“Weekend Content for New Financial Planners” is a collection of articles, podcasts, videos, etc. that I’ve been consuming regarding breaking into financial planning, industry trends, career development, and more.
Uncovering blind spots in retirement planning and how to replace the nonfinancial benefits that careers provide [Podcast]:
“The biggest surprise was the question that we asked was, for those that have retired, or will, for those that haven’t retired—was the transition to retirement smooth or will the retirement transition be smooth for you? And only 51% of the retirees agreed or strongly agreed with that statement, which means that half of them struggled with the transition.
And remember, this was a subset. The sample methodology that we use, these are planners, these are financially secure people, these are intelligent people that are thinking about this, and still half of them struggled with the transition to retirement. That’s a huge number.
The concerning part of that is when you look at the pre-retirees, 70% of those think it will be a smooth transition. But, in reality, only 50% are going to have a smooth transition based on the survey result. So, people think the transition is going to be a lot easier than it’s going to be.”
Uncovering Blind Spots In Retirement Planning [Christine Benz & Jeff Ptak, The Long View]
[Richards]: “What I wanted to build and why I wanted to build it, drove the type of client. So, if a client needed a quarterly in-depth meeting, they weren’t a good fit for me because I couldn’t fit it in my Lifestyle Revenue Model Generator…”
Kitces & Carl Ep 115: Setting The Right Minimum Fee Per Client And The Revenue Model Generator [Michael Kitces & Carl Richards, Kitces & Carl Podcast]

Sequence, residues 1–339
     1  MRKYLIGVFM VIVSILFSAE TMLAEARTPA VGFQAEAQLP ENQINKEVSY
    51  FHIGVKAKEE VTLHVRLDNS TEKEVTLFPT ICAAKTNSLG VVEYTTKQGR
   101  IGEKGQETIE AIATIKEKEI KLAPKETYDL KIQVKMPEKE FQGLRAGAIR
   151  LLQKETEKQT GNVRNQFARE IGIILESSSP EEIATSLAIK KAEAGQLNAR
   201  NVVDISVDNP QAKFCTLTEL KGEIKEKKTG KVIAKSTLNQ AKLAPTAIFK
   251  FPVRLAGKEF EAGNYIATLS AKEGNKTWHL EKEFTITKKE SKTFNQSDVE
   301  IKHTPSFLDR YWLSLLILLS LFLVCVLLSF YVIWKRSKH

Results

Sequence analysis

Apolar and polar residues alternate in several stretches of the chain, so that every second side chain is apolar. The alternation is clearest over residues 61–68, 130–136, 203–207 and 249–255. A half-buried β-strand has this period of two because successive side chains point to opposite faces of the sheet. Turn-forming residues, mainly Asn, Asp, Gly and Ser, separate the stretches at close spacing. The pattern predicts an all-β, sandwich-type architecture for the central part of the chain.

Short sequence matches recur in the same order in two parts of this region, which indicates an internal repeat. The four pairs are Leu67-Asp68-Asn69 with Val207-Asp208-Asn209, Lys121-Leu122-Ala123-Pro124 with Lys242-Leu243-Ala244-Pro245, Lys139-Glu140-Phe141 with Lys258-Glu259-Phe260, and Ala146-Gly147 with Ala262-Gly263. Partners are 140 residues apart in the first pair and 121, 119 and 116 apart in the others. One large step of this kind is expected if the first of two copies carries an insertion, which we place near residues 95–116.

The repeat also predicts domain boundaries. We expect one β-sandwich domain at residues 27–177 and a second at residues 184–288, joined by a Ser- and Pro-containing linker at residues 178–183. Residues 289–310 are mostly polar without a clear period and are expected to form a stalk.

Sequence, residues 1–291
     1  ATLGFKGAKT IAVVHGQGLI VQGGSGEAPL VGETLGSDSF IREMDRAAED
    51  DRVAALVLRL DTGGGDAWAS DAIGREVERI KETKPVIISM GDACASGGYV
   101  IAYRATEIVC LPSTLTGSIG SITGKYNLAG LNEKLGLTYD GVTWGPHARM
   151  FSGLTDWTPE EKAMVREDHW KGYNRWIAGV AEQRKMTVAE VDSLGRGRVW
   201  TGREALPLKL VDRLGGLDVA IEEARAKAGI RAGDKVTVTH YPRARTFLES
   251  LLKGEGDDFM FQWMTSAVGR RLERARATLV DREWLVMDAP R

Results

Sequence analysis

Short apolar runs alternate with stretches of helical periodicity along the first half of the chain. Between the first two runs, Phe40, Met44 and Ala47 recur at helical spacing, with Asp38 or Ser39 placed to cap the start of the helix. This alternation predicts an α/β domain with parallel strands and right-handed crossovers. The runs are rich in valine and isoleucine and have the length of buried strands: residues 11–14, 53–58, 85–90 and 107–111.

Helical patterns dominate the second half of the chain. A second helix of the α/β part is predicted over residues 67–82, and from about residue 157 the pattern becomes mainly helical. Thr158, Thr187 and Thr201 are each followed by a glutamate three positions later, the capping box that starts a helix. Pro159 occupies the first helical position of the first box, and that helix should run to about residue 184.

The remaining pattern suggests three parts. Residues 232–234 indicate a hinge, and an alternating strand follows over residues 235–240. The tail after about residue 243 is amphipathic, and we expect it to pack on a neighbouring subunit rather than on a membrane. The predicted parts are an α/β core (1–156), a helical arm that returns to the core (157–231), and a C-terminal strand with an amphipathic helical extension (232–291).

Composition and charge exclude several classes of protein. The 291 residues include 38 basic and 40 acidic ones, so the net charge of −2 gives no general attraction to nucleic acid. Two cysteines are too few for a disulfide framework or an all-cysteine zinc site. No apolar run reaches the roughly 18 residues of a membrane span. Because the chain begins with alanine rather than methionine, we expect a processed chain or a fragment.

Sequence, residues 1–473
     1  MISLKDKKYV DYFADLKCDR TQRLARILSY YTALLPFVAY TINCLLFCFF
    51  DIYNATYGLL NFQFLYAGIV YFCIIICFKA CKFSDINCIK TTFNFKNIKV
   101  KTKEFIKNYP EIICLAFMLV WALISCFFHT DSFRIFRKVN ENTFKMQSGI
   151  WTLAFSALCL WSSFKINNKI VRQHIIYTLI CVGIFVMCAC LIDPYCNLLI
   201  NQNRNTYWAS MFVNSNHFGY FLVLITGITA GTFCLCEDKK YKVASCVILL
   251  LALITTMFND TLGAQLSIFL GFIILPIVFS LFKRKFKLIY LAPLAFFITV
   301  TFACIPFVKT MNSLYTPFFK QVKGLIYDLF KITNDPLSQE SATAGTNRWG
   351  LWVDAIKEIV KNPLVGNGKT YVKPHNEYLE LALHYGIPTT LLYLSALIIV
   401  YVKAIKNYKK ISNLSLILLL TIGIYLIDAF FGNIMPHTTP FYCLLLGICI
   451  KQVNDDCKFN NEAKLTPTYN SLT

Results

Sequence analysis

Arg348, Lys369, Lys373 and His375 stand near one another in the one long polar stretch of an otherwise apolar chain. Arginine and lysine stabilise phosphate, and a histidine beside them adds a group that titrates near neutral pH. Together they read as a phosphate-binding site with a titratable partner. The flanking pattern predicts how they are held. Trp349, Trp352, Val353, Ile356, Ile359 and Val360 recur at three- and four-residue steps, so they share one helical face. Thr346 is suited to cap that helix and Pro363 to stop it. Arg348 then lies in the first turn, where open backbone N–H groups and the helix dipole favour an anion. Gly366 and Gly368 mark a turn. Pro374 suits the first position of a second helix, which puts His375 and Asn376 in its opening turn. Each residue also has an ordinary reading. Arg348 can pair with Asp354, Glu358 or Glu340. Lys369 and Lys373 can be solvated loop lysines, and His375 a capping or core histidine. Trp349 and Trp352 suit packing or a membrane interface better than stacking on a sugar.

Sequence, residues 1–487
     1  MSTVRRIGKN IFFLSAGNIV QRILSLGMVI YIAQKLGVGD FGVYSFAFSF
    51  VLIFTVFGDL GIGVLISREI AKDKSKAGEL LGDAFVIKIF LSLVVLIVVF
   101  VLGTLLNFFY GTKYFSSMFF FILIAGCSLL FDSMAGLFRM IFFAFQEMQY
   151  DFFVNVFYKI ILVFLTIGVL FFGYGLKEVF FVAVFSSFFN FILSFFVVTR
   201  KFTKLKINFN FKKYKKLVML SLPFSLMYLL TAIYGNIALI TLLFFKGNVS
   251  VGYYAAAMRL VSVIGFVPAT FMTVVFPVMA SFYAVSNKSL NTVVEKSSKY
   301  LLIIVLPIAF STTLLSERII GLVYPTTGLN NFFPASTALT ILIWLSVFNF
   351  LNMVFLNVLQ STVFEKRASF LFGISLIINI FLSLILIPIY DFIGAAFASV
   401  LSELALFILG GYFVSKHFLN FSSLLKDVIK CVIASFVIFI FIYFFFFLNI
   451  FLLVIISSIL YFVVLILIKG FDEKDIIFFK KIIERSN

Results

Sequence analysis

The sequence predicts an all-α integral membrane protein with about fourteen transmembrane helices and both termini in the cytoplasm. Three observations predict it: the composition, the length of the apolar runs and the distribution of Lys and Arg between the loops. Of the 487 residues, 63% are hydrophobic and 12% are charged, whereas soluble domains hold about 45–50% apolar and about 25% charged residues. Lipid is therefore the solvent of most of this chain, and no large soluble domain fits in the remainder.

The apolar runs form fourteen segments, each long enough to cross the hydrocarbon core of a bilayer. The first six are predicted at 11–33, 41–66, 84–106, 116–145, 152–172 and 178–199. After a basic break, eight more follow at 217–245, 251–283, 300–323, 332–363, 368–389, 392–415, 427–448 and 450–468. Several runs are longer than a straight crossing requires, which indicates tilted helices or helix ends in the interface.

If after calculating your minimum fee per client, you realize your fee is too low, or you’ve already been considering raising your fee, Carl Richards’ exercise on how to communicate a fee increase [Video]:
Overcoming Fear Of Raising Fees And Making Changes In Your Business [Carl Richards, The Society Of Advice]
How to leverage behavioral finance to boost your marketing and 6 human-centric advice principles [Video]:
How Behavioral Finance Can Differentiate Your Firm [Samantha Russell & Brian Portnoy, FMG]
Y Combinator co-founder Paul Graham’s latest essay on principles and tactics for doing great work [Article]:
“If you collected lists of techniques for doing great work in a lot of different fields, what would the intersection look like? I decided to find out by making it.
Partly my goal was to create a guide that could be used by someone working in any field. But I was also curious about the shape of the intersection. And one thing this exercise shows is that it does have a definite shape; it’s not just a point labeled ‘work hard.'”
How To Do Great Work [Paul Graham, PaulGraham.com]
Morgan Housel with a compilation of thought-provoking questions applicable to both career and personal life, for potentially asking clients when exploring values and goals—as well as asking ourselves [Article]:
“Whose life do I admire that is secretly miserable?
What do I believe is true only because believing it puts me in good standing with my tribe?
Which of my current values would be different if I were raised by different parents?
What do I believe the most with the least amount of evidence of it being true?”
A Few Questions [Morgan Housel, Collaborative Fund]
Which was your favorite takeaway? Comment below!
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